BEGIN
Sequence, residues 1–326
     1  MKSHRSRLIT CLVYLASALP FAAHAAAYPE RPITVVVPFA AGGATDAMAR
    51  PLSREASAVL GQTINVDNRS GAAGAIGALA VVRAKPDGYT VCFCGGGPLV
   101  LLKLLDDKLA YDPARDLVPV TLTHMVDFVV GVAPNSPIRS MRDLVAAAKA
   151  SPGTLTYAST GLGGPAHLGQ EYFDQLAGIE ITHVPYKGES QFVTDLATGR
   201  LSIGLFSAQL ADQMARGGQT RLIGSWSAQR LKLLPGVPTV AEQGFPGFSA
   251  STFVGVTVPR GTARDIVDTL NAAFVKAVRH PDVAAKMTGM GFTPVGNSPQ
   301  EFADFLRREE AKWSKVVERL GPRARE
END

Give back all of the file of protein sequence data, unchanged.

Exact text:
Sequence, residues 1–326
     1  MKSHRSRLIT CLVYLASALP FAAHAAAYPE RPITVVVPFA AGGATDAMAR
    51  PLSREASAVL GQTINVDNRS GAAGAIGALA VVRAKPDGYT VCFCGGGPLV
   101  LLKLLDDKLA YDPARDLVPV TLTHMVDFVV GVAPNSPIRS MRDLVAAAKA
   151  SPGTLTYAST GLGGPAHLGQ EYFDQLAGIE ITHVPYKGES QFVTDLATGR
   201  LSIGLFSAQL ADQMARGGQT RLIGSWSAQR LKLLPGVPTV AEQGFPGFSA
   251  STFVGVTVPR GTARDIVDTL NAAFVKAVRH PDVAAKMTGM GFTPVGNSPQ
   301  EFADFLRREE AKWSKVVERL GPRARE